Clean energy race sparks more ambitious climate policies, says report

LONDON, Jan 25 (Reuters) – Climate policy announcements from the past three months are becoming more ambitious and most aim for a rise in global temperatures of no more than 1.8 degrees Celsius, a new assessment published on Wednesday found.

The Inevitable Policy Response (IPR), which describes itself as a climate transition forecasting consortium, has been tracking government and private sector climate policies since a United Nations climate summit in November 2021 and weighs the announcements according to their credibility and ambition.

The latest three-month period from October to January was the most ambitious yet, IPR said, helped by a wave of green subsidies in the United States’ Inflation Reduction Act (IRA) and the European Union’s own plans to boost cleaner energy sources.

Those initiatives have provided a “new catalyst for climate action”, IPR said, as the major economies vie with China to lead on clean energy.

However, IPR’s tracker shows that most policies do not appear aligned with limiting a rise in global temperatures to 1.5°C above pre-industrial levels. The United Nations says breaching that risks unleashing far more severe effects of climate change.

The 2015 Paris Agreement commits countries to limit the global average temperature rise this century to well below 2°C above pre-industrial levels, and to aim for 1.5°C.

Already, the world has heated to around 1.1°C above pre-industrial levels. Each of the last four decades was hotter than any decade since 1850.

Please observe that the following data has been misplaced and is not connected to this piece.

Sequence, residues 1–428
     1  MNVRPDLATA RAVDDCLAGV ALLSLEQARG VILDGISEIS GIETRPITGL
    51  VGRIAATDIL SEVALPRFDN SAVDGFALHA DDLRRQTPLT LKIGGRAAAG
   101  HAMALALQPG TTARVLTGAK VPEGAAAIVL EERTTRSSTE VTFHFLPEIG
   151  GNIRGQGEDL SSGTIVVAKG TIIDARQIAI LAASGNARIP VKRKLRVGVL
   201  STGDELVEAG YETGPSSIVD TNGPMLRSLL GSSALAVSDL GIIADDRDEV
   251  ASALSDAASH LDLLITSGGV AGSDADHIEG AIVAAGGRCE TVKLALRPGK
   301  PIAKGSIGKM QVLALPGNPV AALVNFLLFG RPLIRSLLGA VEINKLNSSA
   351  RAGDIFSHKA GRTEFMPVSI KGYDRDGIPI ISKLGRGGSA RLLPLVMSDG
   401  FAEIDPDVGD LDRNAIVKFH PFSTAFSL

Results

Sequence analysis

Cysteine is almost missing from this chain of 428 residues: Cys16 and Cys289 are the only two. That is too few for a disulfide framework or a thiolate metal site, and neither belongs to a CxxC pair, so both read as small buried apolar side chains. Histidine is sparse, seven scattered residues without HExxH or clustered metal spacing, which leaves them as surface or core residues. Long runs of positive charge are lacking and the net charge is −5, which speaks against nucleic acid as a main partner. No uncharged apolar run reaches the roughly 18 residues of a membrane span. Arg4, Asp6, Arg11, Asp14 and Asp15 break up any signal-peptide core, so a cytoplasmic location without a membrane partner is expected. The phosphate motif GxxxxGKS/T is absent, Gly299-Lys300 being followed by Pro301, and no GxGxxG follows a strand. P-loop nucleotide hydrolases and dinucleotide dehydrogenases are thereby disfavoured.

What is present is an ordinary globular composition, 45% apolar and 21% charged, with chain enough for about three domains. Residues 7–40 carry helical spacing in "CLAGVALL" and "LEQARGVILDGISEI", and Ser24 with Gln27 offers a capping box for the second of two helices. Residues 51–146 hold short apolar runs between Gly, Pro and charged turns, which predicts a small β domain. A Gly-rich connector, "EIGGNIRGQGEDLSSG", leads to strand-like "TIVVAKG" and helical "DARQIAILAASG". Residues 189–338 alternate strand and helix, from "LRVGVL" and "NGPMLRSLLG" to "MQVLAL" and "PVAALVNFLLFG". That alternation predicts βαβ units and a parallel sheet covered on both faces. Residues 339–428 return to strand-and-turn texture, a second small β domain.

“The race to the top in clean energy unleashed by the US IRA and being followed up by the EU Green Industrial Plan, combined with other positive policy announcements since COP27, point to an acceleration in clean energy deployment relative to recent expectations,” said IPR’s project director Mark Fulton.

COP27 refers to November’s UN climate summit.

Of the 117 global policy announcements tracked in the latest quarter, 89 had sufficient credibility to be included in its tracker, IPR said, with 68 supporting or confirming a 1.8 degrees C temperature rise forecast, 20 indicating increased ambition and two a decrease.

Since it began tracking policies in late 2021, the IPR has analyzed 331 policy announcements, with 162 of them supporting to confirm IPR forecasts of a 1.8 degrees C outcome.

Reporting by Tommy Reggiori Wilkes Editing by Vin Shahrestani

Our Standards: The Thomson Reuters Trust Principles.


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